Come Jan. 13, Mark Parker, who has been Nike’s CEO since 2006, will step down. Succeeding him as president and chief executive of the world’s largest sports brand will be John Donahoe, a longtime tech executive whose resume suggests professional manager more than footwear visionary.
But that’s what Nike’s board evidently believes it needs as it readies itself for a future focused on data-driven, direct-to-consumer sales through tech-enabled stores and a growing online ecosystem.
Donahoe is currently the CEO of ServiceNow, a provider of cloud-computing services for global businesses. Prior to that, he served as CEO of eBay from 2008 to 2015, and also did a stint as CEO and managing director of the management consultancy Bain & Co. He’s been on Nike’s board since 2014.
He may not sound like the most obvious choice to succeed Parker, who started at the company as a footwear designer and has deep knowledge and experience in sneakers. What Donahoe does understand is technology, something Nike has been investing in heavily. Last year it acquired the data-analytics firm Zodiac. This year it bought Celect, a company specializing in predictive analytics. They’re part of Nike’s strategy of using customer data to be “more personal at scale,” as Parker has previously put it.
The investments have come as part of Nike’s response to major upheavals in how consumers shop. The retail industry has struggled with falling foot traffic and record store closures. In 2017 Nike announced its intention to focus its wholesale business on a much smaller group of retailers. Simultaneously, it has been increasing its own sales straight to customers, especially online, through its e-commerce site and apps such as SNKRS and the Nike app. Even Nike’s newest flagship stores are designed to work with its app now.
It calls these various efforts at connecting directly with shoppers its “consumer direct offense,” and hired Donahoe to lead it. “I am delighted John will join our team,” Parker said in a statement. “His expertise in digital commerce, technology, global strategy and leadership combined with his strong relationship with the brand, make him ideally suited to accelerate our digital transformation and to build on the positive impact of our Consumer Direct Offense.”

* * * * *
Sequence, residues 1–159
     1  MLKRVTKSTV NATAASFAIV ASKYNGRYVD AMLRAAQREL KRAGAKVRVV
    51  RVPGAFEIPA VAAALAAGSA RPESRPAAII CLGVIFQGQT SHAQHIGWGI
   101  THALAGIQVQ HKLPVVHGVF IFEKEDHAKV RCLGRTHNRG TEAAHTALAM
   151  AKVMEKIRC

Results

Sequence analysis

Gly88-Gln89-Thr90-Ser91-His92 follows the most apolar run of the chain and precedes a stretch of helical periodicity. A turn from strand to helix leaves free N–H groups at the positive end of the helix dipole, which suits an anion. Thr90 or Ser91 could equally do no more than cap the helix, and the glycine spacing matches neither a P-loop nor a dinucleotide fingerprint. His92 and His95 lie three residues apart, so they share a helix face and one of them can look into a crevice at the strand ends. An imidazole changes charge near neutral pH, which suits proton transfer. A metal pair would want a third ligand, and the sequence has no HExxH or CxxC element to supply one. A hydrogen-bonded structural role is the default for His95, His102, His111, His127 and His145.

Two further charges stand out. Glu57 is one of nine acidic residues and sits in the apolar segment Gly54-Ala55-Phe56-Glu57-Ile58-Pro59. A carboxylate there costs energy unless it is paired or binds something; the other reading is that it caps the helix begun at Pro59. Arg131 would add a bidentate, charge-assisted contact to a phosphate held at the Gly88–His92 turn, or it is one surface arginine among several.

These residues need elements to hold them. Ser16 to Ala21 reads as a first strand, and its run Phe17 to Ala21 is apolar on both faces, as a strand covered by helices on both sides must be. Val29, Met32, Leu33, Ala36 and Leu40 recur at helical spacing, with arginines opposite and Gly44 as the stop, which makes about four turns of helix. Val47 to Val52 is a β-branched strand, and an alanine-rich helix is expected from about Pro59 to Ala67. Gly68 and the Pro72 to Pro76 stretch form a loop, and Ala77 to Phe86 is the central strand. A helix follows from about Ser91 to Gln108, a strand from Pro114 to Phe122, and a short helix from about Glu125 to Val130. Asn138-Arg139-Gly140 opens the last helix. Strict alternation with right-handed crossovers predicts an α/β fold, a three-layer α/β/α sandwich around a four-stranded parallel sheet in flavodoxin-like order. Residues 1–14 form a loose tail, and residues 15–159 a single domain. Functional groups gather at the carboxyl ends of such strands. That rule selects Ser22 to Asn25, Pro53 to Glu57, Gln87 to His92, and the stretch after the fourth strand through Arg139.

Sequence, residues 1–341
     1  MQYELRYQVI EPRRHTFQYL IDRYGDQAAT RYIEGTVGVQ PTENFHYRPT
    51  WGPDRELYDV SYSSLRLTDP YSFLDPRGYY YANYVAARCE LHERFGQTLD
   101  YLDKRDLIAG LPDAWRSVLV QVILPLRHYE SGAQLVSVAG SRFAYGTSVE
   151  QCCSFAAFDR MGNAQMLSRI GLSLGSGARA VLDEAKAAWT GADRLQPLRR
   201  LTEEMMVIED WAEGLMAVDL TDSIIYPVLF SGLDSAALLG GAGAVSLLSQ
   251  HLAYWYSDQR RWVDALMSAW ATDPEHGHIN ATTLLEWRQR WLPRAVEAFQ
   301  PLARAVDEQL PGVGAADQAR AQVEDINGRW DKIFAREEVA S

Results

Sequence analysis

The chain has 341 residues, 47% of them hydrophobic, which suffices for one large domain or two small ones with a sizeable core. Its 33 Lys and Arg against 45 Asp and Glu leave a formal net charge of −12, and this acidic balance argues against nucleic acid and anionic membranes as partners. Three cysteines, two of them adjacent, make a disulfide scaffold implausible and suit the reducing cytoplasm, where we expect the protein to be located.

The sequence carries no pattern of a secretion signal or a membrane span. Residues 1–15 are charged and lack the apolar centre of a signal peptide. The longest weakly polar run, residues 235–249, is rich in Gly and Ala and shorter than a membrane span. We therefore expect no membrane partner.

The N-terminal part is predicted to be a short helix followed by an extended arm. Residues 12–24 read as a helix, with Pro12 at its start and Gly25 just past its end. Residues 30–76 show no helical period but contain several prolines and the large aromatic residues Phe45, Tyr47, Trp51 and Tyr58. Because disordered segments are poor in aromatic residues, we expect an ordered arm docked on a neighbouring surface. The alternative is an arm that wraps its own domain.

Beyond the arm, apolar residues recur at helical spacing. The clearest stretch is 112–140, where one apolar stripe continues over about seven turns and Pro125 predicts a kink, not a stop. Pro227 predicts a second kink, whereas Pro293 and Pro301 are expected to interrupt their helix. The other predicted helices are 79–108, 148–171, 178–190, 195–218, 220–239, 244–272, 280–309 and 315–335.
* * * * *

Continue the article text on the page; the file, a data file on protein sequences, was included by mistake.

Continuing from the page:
The announcement comes shortly after the revelation Parker knew Alberto Salazar, a Nike-backed running coach, was experimenting with performance-enhancing drugs on track and field athletes. One experiment allegedly took place in a lab at Nike headquarters. Last year, a group of former Nike employees also filed a lawsuit against the company for gender discrimination that resulted in a management shake up, including the departure of Trevor Edwards, Nike’s brand president and Parker’s presumed successor.
In its new management structure, Parker will remain with the company as executive chairman. Nike said he will work closely with Donahoe and Nike’s senior management.
The news will likely surprise many, not least of all because it followed shortly after another big change in executive leadership at one of Nike’s rivals. Today Under Armour also announced that Kevin Plank, its founder and longtime CEO, will step down from his position as chief executive in January. He’s handing off the day-to-day responsibilities of CEO to the company’s chief operating officer, Patrik Frisk, to work more closely on Under Armour’s product and marketing as its new brand chief.